By the time I had returned to my desk I had written off math. It was really a shame because I enjoyed math, I still to this day am one of those strange people that stand in awe of math. 10 X 10 = 100. Have you ever thought of that? Amazing. I'm mystified by civilizations that had a base 7 number system and how they did calculations that way. I am bowled over by formulas that work every time. There is a wonderful trustworthiness in normal math. I also understand math. I understand how the numbers work and interact with each other. But by the time I had awkwardly squeezed my pubescent bulk into the desk I was a devoted English/History guy. That was it. It was an easy transition. I had already tested with a post college reading level and I loved history. From that day forward I averaged C's in math because it wasn't my thing. The only year I earned an A was in Geometry during 10th grade when my teacher allowed me to do the homework while she lectured. In the 11th grade I actually cheated on homework to not fail, sorry mom. I was caught and never cheated again but my repugnant behaviour just shows the level to which I had given up on my own success and integrity. Cheating is a horrible mixture of deceit, laziness, and theft. But I remember standing there at the desk of one of the greatest teachers that I decided to not grow under, sweating profusely on the verge of creating vomit being told that I would fail his class if this ever happened again. So after 3 days of reformed homework completion I simply stopped turning in the assignments.
I was a year behind all of my friends in math and therefore science. I missed out some of the great fun I had with them in English & History, the great discussions & learning. I missed out on that because I had a flawed view of work as well as a weak will to fight. Homework, up until college, was merely practice so you could pass the tests. I didn't understand getting graded down for not doing homework if you aced the tests, which I was doing in 7th grade. I could finish the multiplication tables fastest, I knew the concepts, homework was (and I still believe for the most part is today) a waste of time. Mrs. Thayer apparently did not espouse this theory of education. I didn't fight for it. I felt like I had earned it, I felt like I had deserved it but instead of fighting for it, instead of arguing that if I raise my grade by the end of the year could I attend, instead of making a case and bring it to the top of the educational hierarchy I turned around and said fuck it. Sorry mom.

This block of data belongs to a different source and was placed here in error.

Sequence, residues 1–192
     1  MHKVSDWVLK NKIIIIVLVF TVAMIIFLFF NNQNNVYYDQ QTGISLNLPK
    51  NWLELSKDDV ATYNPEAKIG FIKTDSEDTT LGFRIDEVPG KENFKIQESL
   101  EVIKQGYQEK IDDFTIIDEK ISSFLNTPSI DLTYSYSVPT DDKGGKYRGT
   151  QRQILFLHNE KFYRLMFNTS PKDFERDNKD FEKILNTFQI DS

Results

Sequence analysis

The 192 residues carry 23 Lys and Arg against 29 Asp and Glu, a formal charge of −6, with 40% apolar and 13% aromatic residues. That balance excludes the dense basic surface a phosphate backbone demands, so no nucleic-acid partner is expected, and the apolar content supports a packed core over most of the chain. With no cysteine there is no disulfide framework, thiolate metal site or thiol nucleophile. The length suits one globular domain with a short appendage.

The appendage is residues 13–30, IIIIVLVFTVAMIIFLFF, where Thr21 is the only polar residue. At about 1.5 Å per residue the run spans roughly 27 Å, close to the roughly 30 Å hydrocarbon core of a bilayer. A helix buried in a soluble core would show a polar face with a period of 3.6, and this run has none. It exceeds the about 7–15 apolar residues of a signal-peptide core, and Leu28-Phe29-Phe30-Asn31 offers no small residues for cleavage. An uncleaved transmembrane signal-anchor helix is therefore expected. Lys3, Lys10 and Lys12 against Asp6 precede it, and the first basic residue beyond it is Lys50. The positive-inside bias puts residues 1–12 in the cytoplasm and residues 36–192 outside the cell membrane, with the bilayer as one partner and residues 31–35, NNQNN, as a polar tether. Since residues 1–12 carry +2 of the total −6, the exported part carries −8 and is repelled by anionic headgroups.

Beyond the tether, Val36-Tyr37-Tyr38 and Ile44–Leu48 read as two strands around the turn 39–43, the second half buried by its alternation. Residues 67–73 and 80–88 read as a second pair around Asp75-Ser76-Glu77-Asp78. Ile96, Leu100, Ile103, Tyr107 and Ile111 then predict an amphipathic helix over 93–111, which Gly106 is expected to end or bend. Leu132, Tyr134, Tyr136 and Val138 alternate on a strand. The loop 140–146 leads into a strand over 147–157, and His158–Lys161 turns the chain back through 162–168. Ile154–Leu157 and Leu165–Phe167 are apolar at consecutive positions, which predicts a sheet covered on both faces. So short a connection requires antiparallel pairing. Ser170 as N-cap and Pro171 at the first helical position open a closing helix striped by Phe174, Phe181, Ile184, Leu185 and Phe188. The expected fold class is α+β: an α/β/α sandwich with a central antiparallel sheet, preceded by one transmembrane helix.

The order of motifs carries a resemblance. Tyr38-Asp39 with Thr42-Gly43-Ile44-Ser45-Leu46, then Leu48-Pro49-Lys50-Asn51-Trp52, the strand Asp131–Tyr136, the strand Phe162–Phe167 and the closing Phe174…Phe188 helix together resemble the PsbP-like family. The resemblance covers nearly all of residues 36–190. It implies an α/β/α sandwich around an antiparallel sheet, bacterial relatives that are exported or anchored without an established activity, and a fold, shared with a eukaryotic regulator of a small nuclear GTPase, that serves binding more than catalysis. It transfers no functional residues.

My family culture at the time was also very victim based. When things happened they always happened to us. When things happened to us we would get angry, grumble in defiance at the injustice, say fuck it, and walk away. I gloried in this mindset because I had enough responsibility and guilt that weighed upon me at the time and I wasn't going to be at fault for the system. It has been almost 2 decades since this event and I think about it on a monthly basis. 18 years and me sitting down and being robbed of math has haunted me. It comes up in conversations where it doesn't really apply, it haunts me in the midst of my depressive slumps, it has been a major defining moment. And I kid you not, in 18 years only the past 6 months have I begun to stop blaming Mrs. Thayer for my failure in math. For 18 years I had the audacity to blame someone who was following policy for my failure to keep my grades up and do the work expected of me. For 18 years I held an old shrivelled lady responsible for my failure to not fight for something that I wanted and deserved. For my entire adult life I have failed to acknowledge my own shortfall and that has haunted me, tainted me, and I'm ready to exercise the ghost and be done with it.